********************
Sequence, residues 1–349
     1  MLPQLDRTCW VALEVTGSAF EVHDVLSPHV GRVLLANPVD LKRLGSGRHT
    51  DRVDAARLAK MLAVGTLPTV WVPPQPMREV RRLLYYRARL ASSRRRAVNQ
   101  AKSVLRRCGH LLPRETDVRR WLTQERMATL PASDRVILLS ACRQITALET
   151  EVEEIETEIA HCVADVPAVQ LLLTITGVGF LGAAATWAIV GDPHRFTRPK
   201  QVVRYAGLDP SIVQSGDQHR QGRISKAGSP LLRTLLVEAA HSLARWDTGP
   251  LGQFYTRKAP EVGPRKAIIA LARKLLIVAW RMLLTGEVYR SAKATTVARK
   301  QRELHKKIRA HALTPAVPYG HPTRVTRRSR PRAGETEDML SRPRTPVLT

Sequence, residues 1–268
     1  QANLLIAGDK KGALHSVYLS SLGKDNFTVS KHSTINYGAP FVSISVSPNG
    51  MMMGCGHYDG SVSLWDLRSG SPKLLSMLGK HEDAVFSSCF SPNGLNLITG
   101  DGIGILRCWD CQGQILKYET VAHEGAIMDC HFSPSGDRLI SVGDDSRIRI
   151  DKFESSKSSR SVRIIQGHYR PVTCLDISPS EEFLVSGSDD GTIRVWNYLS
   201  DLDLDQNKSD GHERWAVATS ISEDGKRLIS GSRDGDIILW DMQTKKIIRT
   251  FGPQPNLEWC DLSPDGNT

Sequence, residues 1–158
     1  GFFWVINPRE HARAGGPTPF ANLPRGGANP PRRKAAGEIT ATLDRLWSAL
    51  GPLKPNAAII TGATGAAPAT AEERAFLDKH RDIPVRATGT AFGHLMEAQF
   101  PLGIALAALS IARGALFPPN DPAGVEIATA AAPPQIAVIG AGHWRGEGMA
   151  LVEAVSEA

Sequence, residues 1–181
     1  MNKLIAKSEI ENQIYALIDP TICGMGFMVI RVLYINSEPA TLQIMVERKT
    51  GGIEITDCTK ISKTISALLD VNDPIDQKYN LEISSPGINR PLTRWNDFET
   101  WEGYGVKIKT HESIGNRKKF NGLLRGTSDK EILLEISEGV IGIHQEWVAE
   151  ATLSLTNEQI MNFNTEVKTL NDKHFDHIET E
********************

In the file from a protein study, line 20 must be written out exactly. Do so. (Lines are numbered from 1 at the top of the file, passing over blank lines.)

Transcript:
   151  LVEAVSEA